The United Nations’ human rights chief said Monday she was appalled by the conditions migrants and refugees face in U.S. detention facilities, intensifying a challenge to the Trump administration’s immigration policies.
U.N. High Commissioner for Human Rights Michelle Bachelet said that children stopped by border agents should never be held in immigration detention facilities or separated from their families, and that detention should not be the norm for adults, either.
“Any deprivation of liberty of adult migrants and refugees should be a measure of last resort,” the U.N. commissioner said, appealing for “noncustodial alternatives.”
A spokeswoman for the U.N. human rights office, Ravina Shamdasani, said Bachelet decided to speak out more forcefully than before after the U.S. Department of Homeland Security’s inspector general issued a report last week warning of dangerous conditions in U.S. immigration detention facilities.
“When they finally believe they have arrived in safety, they may find themselves separated from their loved ones and locked in undignified conditions,” she said. “This should never happen anywhere.”
President Trump said Sunday that migrants were coming from “unbelievable poverty” and that “those are people that are very happy with what’s going on because, relatively speaking, they’re in much better shape right now” in U.S. custody.
He went on to praise the work of the Border Patrol and other law enforcement officers on the U.S.-Mexico border, saying: “It’s incredible what they’re doing. They’ve had to become nurses. They’ve had to become janitors.”
The Homeland Security report was the second by the inspector general’s office to criticize conditions at temporary detention centers in Texas where migrants are held.
The first, based on visits to Border Patrol facilities in west Texas in May, showed dozens of migrants packed into spaces so tight that some had to stand on toilets. It detailed how 900 migrants were in a 125-person facility at one point, with many held for weeks in violation of the government’s policy.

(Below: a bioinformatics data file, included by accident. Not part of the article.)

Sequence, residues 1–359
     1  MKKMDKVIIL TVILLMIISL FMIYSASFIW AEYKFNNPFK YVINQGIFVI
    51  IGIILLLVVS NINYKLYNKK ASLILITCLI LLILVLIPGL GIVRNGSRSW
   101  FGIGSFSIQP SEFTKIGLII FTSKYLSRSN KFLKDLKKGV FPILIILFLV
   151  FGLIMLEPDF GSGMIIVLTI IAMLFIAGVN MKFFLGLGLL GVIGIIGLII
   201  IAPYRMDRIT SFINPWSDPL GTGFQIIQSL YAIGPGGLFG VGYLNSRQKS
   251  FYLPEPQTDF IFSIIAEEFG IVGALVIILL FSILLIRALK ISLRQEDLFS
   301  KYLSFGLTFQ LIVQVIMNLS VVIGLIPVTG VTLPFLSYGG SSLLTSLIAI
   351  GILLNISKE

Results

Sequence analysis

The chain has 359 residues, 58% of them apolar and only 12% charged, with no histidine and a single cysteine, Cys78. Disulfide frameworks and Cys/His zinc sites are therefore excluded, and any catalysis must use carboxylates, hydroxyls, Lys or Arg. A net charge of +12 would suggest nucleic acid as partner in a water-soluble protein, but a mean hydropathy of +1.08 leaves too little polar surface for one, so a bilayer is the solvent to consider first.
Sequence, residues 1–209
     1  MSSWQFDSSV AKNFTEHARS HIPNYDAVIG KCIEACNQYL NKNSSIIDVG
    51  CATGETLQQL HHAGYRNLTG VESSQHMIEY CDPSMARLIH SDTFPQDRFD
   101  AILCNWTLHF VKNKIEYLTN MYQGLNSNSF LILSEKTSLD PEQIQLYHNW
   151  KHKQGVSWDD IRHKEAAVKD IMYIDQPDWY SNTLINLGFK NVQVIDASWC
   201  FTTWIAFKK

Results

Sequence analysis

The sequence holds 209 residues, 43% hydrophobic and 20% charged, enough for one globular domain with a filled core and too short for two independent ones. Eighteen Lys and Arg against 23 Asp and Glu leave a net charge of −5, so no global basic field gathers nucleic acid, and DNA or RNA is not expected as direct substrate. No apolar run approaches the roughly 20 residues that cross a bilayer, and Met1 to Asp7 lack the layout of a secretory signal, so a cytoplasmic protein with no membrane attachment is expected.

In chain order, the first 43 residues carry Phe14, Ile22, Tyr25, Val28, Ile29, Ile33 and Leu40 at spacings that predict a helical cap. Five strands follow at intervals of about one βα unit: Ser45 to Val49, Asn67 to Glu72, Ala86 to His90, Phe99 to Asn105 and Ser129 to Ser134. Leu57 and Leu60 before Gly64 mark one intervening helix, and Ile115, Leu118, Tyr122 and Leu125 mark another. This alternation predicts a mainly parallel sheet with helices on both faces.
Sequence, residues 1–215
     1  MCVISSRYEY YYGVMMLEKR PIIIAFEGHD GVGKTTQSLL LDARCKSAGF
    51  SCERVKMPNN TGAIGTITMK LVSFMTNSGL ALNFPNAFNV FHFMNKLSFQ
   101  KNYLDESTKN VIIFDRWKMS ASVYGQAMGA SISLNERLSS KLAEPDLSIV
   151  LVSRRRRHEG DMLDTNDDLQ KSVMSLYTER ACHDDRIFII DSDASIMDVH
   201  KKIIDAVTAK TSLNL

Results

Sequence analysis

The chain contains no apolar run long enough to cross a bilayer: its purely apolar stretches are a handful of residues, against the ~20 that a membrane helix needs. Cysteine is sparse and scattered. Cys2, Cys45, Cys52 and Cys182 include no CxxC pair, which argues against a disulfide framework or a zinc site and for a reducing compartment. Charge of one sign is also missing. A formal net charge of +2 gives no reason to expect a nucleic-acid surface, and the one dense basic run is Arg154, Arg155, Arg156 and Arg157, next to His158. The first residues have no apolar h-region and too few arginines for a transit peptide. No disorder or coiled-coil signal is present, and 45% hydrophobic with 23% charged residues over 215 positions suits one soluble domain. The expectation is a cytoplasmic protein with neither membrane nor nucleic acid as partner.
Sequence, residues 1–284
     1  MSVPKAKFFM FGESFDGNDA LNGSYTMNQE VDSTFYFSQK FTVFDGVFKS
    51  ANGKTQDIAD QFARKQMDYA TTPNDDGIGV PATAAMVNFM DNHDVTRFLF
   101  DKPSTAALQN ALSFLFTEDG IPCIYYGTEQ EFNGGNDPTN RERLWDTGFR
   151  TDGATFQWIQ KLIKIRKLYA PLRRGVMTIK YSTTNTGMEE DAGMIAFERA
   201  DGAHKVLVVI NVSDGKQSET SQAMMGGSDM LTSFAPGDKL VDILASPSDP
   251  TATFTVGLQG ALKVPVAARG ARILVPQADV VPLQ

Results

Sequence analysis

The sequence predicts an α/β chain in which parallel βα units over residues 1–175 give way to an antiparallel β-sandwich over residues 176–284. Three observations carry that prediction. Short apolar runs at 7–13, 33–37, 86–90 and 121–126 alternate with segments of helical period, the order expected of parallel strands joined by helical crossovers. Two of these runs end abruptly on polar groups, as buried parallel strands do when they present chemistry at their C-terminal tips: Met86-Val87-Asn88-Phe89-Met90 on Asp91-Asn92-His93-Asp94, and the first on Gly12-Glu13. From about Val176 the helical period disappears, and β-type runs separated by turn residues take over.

Last week’s report said several Border Patrol facilities in south Texas were dangerously overcrowded. Detainees banged on cell windows, shouted and pressed notes to a window for inspectors, according to the report. A photo showed a man holding a piece of cardboard with one word: “Help.”
Inspectors also warned that many children had no access to showers and were being detained long past the maximum of 72 hours. Five children have died in Border Patrol custody since December.
“As a pediatrician, but also as a mother and a former head of state, I am deeply shocked that children are forced to sleep on the floor in overcrowded facilities, without access to adequate healthcare or food, and with poor sanitation conditions,” said Bachelet, a former president of Chile.
“Detaining a child even for short periods under good conditions can have a serious impact on their health and development — consider the damage being done every day by allowing this alarming situation to continue,” she said.
Bachelet acknowledged the “sovereign prerogative” of countries to set the conditions under which foreigners are permitted to enter and stay, but she also highlighted their human rights obligations. Her office said she recognized the complexity of challenges faced by migrants’ countries of origin, the ones they travel through and destinations such as the U.S.